For the past few days, I have been playing around with Elixir to build an API gateway for WP-Pulsar. While I am far from an Elixir expert (I’d barely even consider myself and Elixir novice yet), I have really started to fall in love with the language!

I tried learning Erlang a few years ago, and while it was an interesting experience, the syntax was a bit of a turn-off, and I could not find a lot of information available on building web applications with Erlang - which is what I was working on at the time. My interests turned more to Clojure and the JVM at the time, and I pretty much forgot about Erlang.

Now that I have decided to learn Elixir, I have to say that it is probably the most fun that I have had programming since I moved from PHP to Ruby. Even in a short time, it has started to change the way that I think about building systems in a functional language.


First, there is the syntax. Largely inspired by Ruby, the code is delimited with doend blocks, like so:

def greet(name) do
  "Hello, #{name}"

Apparently, this is just syntactic sugar for a keyword list, which is a list of 2-tuples whose first element is an atom (basically a symbol that simply evaluates to itself), so that same function can be defined as:

def greet(name), [{:do, "Hello, #{name}"}]

Sweet! That’s definitely uglier, but it hints at the fact that code is almost data. What looked like a concrete syntactic construce is just a nested data structure. I have not had a chance to work with Elixir’s macro system yet, but I am guessing that this sort of almost-homoiconic structure is what enables these macros.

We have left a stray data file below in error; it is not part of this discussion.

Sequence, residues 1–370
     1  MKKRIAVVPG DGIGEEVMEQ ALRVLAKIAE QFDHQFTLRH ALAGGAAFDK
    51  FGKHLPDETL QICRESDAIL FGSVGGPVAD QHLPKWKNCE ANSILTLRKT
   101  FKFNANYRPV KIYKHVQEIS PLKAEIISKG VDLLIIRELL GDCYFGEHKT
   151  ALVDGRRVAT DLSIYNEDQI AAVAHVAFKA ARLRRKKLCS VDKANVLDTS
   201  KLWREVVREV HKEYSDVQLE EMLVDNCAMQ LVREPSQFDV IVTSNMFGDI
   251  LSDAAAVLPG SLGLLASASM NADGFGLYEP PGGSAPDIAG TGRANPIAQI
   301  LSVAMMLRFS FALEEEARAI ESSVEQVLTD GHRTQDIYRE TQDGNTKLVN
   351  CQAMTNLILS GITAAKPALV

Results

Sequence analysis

For the most part, the syntax reminds me of Ruby, but I can remember a number of times thinking, “Oh, I remember that from Erlang”, such as pattern matching a list: [ head | tail ] = my_list. Also, the pipeline operator (|>) is very similar to Clojure’s threading macro (->). Overall, the language has a pretty friendly syntax, and it felt familiar to my, having worked with both Ruby and some functional languages in the past.

The Best Parts

The nice syntax meant that there was a low barrier to entry, but it’s not what is winning me over. The things that make Elixir stand out are its advanced pattern matching, functions with multiple parameter lists and bodies, the actor model, and OTP.

Pattern matching

First off, Elixir has an if/else construct, but I haven’t used it. Instead, I am relying on pattern matching and functions with multiple parameter lists and bodies. For example, I might write something like the following in JavaScript:

const jobsUrl = (type) => {
  if (type === 'db') {
    return apiUrl('db-jobs');
  return apiUrl('file-jobs');

In Elixir, I would just write a function definition for each possible branch:

def jobs_url(:file), do: api_url "/file-jobs"
def jobs_url(:db),   do: api_url "/db-jobs"

There is one definition of the function when it is called with :file and another when it is called with :db. In my opinion, this is much clearer and helps avoid incidental complexity. You can get much more advanced with pattern matching and even add guards to restrict the match to some narrower criteria. For example, the following code checks some HTTP response and determines whether it was successful.

# Succeeded with a normal status code